Trickey Pond

Trickey Pond Environmental Protection Association

A 501 (c) (3) Charitable Organization and Recipient of the Maine DEP Invasive Cost Share Grant

History of Our Pond

Trickey Pond

From 1652 until 1820, Maine was a frontier territory of Massachusetts.  In 1774, Northern Cumberland County was divided into four towns that were granted to the heirs of those that had participated in military service for the State of Massachusetts.  Flintstown, which was later renamed Baldwin, was granted to Captain Flints Company of Concord, Massachusetts.  It included Baldwin, Sebago, and Naples up to the eastern shore of Trickey Pond.  In 1826, Trickey Pond became part of Sebago when that town was split off from Baldwin.  Finally, in 1834, Trickey Pond became part of Naples when it was formed from parts of Bridgton, Harrison, Otisfield, Raymond, and Sebago.

Benjamin Mitchell, one of the early lumbermen in Naples, built a granite slab dam on the outlet of Trickey Pond on the northern end of the lake.  This raised the water level enough so that it would flow through a ditch that Mitchell dug on the southern end of the lake. This fed the water into a new millpond from which it dropped 80 feet onto a water wheel and then into Muddy River.  The house built by the Mitchell family is still standing just east of the Muddy River Bridge on Route 114. The sawmill was operated by the Crockett family for many years until it was sold in 1913 to Dr. Eugene Lehman who taught at Yale and Columbia before he founded Monmouth College.  Dr. Lehman had started a summer camp for girls in Connecticut which he moved to the Crockett property. The mill was turned into an electric power plant for Highland Nature Camp for Girls, the predecessor of Camp Mataponi.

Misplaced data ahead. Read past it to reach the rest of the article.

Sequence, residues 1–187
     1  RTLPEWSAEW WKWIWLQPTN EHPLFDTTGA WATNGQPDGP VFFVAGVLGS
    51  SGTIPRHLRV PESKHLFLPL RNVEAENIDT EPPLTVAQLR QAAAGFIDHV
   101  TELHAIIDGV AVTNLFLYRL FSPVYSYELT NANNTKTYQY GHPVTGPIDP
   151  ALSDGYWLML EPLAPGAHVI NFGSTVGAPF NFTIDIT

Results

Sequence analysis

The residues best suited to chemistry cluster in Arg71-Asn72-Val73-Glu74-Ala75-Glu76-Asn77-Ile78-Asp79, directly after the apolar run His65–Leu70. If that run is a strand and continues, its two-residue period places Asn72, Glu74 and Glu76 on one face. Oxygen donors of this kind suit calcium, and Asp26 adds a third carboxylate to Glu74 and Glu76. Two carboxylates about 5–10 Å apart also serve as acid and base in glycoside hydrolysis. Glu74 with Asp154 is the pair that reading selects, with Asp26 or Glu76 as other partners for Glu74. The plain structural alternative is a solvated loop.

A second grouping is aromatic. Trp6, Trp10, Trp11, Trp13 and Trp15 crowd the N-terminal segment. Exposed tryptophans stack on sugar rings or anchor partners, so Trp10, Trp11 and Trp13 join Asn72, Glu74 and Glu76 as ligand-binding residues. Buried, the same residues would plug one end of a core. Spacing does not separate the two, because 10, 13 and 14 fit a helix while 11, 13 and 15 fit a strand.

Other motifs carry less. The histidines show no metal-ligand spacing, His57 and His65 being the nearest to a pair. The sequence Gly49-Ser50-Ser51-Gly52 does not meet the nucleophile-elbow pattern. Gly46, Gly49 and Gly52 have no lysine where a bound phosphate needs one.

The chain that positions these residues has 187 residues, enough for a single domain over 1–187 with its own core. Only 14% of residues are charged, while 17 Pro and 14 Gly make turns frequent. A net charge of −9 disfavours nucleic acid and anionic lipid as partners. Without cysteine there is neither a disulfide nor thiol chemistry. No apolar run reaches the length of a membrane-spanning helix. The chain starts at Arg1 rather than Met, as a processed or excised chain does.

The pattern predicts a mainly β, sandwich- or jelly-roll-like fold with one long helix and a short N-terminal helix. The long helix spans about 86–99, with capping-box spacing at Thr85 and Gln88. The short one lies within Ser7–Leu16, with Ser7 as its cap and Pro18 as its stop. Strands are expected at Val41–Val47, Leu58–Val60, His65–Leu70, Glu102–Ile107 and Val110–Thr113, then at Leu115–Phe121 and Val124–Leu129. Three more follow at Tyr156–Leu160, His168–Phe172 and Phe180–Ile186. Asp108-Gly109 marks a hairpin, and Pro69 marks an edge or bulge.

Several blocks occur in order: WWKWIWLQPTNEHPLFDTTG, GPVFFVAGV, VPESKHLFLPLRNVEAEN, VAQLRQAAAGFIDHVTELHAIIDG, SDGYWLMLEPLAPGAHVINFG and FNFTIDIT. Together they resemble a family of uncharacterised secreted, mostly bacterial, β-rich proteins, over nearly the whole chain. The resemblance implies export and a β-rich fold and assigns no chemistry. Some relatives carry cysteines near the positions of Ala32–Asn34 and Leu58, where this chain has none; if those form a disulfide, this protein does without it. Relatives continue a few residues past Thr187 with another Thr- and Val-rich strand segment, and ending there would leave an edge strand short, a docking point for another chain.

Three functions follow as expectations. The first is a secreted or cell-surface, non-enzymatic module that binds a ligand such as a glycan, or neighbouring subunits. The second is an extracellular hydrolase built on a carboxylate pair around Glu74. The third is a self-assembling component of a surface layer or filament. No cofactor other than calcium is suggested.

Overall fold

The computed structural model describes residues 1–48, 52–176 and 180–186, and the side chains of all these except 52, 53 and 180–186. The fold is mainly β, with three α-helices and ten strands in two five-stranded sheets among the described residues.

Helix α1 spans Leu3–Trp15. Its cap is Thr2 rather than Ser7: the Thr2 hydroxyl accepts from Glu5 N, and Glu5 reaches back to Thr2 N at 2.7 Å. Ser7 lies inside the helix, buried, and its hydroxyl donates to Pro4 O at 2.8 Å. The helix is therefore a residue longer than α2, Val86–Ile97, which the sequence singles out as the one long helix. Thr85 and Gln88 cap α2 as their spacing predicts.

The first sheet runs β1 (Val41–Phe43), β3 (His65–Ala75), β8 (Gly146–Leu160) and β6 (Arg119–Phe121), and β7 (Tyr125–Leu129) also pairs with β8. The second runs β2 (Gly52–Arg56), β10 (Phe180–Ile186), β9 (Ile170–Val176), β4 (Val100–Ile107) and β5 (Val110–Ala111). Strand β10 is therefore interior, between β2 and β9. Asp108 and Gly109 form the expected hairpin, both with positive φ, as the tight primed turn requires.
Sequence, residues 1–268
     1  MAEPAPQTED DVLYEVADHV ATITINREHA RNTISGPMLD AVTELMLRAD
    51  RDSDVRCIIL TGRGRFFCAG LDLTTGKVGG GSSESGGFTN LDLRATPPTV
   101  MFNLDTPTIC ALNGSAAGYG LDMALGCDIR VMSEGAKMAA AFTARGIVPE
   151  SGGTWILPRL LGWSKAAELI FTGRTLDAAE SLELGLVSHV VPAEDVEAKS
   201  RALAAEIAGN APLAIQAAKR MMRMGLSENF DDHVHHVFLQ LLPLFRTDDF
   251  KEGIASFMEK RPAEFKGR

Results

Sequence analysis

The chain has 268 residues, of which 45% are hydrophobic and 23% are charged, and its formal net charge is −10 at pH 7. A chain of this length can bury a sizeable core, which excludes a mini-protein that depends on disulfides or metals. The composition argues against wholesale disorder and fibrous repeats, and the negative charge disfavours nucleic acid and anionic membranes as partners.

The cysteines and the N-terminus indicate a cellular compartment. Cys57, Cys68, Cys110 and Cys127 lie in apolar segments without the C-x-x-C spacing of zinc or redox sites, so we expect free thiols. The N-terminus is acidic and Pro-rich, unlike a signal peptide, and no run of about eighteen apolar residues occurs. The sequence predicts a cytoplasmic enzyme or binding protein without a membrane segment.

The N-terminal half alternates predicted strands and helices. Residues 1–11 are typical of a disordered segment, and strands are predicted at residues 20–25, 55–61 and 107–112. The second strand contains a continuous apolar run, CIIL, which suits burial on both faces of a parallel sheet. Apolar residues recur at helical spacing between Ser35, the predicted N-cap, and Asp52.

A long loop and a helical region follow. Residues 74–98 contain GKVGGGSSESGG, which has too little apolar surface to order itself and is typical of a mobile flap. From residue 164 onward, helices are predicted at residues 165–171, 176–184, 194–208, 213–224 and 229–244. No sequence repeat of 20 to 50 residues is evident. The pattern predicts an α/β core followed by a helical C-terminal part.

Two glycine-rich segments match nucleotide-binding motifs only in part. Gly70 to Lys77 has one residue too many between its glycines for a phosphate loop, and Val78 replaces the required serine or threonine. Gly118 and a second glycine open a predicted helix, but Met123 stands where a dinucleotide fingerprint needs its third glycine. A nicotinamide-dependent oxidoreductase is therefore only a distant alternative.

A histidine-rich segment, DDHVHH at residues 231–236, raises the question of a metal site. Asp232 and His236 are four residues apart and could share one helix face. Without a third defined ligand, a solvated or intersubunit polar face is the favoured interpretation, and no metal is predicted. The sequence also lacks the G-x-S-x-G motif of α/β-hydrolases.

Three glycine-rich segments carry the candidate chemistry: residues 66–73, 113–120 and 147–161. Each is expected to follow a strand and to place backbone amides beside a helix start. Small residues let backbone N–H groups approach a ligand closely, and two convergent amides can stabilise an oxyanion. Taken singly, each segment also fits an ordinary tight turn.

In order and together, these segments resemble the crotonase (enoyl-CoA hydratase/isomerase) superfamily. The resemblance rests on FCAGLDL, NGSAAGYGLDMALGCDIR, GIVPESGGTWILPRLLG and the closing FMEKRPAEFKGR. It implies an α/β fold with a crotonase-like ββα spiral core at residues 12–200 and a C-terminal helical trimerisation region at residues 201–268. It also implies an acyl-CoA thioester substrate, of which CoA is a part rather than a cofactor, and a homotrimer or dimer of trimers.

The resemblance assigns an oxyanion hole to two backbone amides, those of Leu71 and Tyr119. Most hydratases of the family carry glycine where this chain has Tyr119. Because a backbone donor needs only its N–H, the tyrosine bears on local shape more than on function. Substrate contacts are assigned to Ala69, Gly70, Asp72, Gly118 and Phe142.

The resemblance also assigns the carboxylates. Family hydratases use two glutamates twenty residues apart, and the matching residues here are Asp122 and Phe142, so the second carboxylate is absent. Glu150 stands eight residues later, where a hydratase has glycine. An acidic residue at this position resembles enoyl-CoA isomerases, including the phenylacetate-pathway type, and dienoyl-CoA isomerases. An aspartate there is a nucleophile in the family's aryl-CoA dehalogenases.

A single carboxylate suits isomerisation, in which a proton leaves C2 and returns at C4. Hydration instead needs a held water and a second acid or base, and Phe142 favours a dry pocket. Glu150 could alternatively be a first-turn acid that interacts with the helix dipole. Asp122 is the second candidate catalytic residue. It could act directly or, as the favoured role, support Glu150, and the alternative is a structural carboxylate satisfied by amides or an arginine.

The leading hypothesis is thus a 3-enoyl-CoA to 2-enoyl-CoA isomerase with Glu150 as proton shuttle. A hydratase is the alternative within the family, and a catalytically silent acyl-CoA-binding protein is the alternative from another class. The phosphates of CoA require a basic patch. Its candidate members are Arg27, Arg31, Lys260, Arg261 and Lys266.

It was the construction of the dam and the Mitchell ditch that shaped Trickey Pond in the configuration that we see today.  If you dropped the water level by a few feet, some of the shallow coves would disappear.

The question of how Trickey Pond got its name has a couple explanations.  One is that because the pond is spring fed, the ice above the springs would not freeze as quickly as the other areas so it was trickey(sic) in the winter on the ice.  The other is that the pond was named after an early logger or trapper named Trickey.  We do know that the Trickey family was among the early settlers of Windham.